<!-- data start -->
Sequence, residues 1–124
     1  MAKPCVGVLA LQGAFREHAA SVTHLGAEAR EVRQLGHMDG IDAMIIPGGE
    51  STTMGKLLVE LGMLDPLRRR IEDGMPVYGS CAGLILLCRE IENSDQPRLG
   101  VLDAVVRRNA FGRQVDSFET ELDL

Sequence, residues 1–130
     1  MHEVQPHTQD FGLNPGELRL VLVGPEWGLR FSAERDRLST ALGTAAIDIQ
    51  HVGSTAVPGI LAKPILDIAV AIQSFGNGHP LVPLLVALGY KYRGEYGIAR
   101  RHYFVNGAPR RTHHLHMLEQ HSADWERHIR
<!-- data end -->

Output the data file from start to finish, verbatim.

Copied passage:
Sequence, residues 1–124
     1  MAKPCVGVLA LQGAFREHAA SVTHLGAEAR EVRQLGHMDG IDAMIIPGGE
    51  STTMGKLLVE LGMLDPLRRR IEDGMPVYGS CAGLILLCRE IENSDQPRLG
   101  VLDAVVRRNA FGRQVDSFET ELDL

Sequence, residues 1–130
     1  MHEVQPHTQD FGLNPGELRL VLVGPEWGLR FSAERDRLST ALGTAAIDIQ
    51  HVGSTAVPGI LAKPILDIAV AIQSFGNGHP LVPLLVALGY KYRGEYGIAR
   101  RHYFVNGAPR RTHHLHMLEQ HSADWERHIR